Adam Smith (1723–1790)
Adam Smith was born in Kirkcaldy, Scotland, a few months after the death of his father, a customs official. Smith, who never married, remained close to his mother throughout his life. He was a studious boy, and began to study moral philosophy at the University of Glasgow at the age of 14. In 1740 he won a scholarship to Balliol College, Oxford, where he studied for six years until suffering a nervous illness which caused him to withdraw.
In 1748 Smith gave a successful series of public lectures in Edinburgh, covering subjects such as rhetoric as well as economics. Three years later Smith was appointed Professor of Logic at Glasgow University, becoming Professor of Moral Philosophy the following year. Although he enjoyed academic life and developed his ideas through his lectures, in 1763 he was offered a more lucrative post as a private tutor to the young Duke of Buccleuch, one of Scotland’s greatest landowners. This appointment enabled Smith to travel, and to meet some of Europe’s most celebrated thinkers such as Voltaire.
After his return, Smith devoted himself to writing his most celebrated book, An Inquiry into the Nature and Causes of the Wealth of Nations (1776). His growing reputation secured him membership of Britain’s most prestigious societies, such as the Royal Society of London. In 1778 he was given a sinecure post in Scottish customs service, and returned to Edinburgh to live with his mother (who survived him by six years). An eccentric and amiable figure, Adam Smith was mourned by many friends when he died in 1790.
Adam Smith’s posthumous reputation rests on two books, The Wealth of Nations and The Theory of Moral Sentiments (1759). In the latter he argued that “sympathy” (or, one might say, “empathy”) was the key to moral conduct. In our social interactions we learn to see ourselves through the eyes of an imaginary impartial spectator—the closest we can come to finding out what others really think of us. The spectator prevents us from acting out of blind self-interest, and acts as a kind of social cement.
Smith’s moral theory, which had much in common with the views of his friend David Hume, seems hard to reconcile with his more celebrated economic ideas. These, set out in The Wealth of Nations, emphasize the role of self-interest in human conduct. Thus, people do not expect to receive services from “the butcher, the brewer, or the baker” because these people are benevolent. “We address ourselves, not to their humanity but to their self-love.” One could argue that in instrumental activities like economic deals our “sympathy” for one another is suspended, at least to a degree, allowing self-interest to dominate. It would still be possible for butchers, brewers, and bakers to be benevolent in other activities; they could, like Smith himself, give a portion of their profits to charity. In any case, the overall effect of self-interest in economic matters is beneficial, because an “invisible hand” lies behind the free market, ensuring efficient production and, through competition, affordable prices.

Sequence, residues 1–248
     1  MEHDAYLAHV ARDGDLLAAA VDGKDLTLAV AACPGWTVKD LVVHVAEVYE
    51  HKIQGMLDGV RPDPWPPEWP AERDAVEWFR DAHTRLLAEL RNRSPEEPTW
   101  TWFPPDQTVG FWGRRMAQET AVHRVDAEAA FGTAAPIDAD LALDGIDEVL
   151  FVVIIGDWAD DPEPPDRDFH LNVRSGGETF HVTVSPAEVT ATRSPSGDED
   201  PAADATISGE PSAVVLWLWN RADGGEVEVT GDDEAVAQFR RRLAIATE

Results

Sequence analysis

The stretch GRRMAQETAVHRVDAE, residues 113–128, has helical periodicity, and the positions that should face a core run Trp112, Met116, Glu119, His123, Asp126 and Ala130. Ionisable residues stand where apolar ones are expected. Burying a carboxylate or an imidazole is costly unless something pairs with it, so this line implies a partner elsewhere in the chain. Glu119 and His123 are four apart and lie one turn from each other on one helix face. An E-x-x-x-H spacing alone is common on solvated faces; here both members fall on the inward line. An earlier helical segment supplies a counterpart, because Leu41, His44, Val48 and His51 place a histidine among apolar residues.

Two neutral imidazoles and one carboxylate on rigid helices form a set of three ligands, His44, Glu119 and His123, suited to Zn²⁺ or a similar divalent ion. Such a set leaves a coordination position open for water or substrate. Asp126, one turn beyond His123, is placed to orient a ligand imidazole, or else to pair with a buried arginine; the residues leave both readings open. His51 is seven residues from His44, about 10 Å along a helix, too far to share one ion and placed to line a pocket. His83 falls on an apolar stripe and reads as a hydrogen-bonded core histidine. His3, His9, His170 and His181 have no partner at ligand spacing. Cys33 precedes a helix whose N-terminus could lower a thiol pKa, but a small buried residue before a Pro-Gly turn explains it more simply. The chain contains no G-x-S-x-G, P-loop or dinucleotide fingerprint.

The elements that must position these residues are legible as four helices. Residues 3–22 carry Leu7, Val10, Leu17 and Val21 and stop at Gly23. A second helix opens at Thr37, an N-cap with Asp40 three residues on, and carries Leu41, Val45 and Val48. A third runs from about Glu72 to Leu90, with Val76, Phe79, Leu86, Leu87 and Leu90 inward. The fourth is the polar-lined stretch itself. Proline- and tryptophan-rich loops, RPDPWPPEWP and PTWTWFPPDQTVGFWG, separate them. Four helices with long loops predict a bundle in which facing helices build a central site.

One of the key arguments of The Wealth of Nations was an attack on mercantilism (for analysis, see pages 405–407, Chapter 20), the idea that governments must intervene to ensure a favourable balance of trade with other nations. Smith argued forcefully for freedom of trade, which would be governed by the same “invisible hand” to ensure greater prosperity for all trading nations. Smith had shown that the “division of labour,” through which various workers contributed to a finished item, led to efficient production within a workplace. The same principle could be applied to nations, which should produce the goods (and services) for which they were best equipped and trade the surplus with other countries in order to secure the other things they need.
However, despite Smith’s warnings about the malign effect of government intervention, it is wrong to portray him as an unflinching advocate of laissez-faire. He can even be regarded as a prophet of the “mixed economy” found in many developed nations after World War II, since he acknowledged that some vital goods and services were unlikely to be provided by the free market. Smith’s work can also be used to justify the redistribution of wealth through taxation; rather than defining poverty as an absolute measure based on access to basic food and shelter, he understood that it was related to the general level of prosperity in a given society.
Smith is usually hailed as the father of modern economics, and his influence can be traced in most of the classic writings in the field. Even Karl Marx, who had a very different view of the operations of the free market, was indebted to Smith’s insights. In the last few decades of the twentieth century Smith’s ideas were invoked by governments on both sides of the Atlantic, as a champion in the “battle of ideas” against the advocates of state intervention. As we have seen, this view is based on a distortion of Smith’s true message, but it is a mark of his achievement that people were willing to debate his legacy more than two centuries after his death.
Knud Haakonsson, The Cambridge Companion to Adam Smith, Cambridge University Press, 2006.
Ian Ross, The Life of Adam Smith, Oxford University Press, 1995.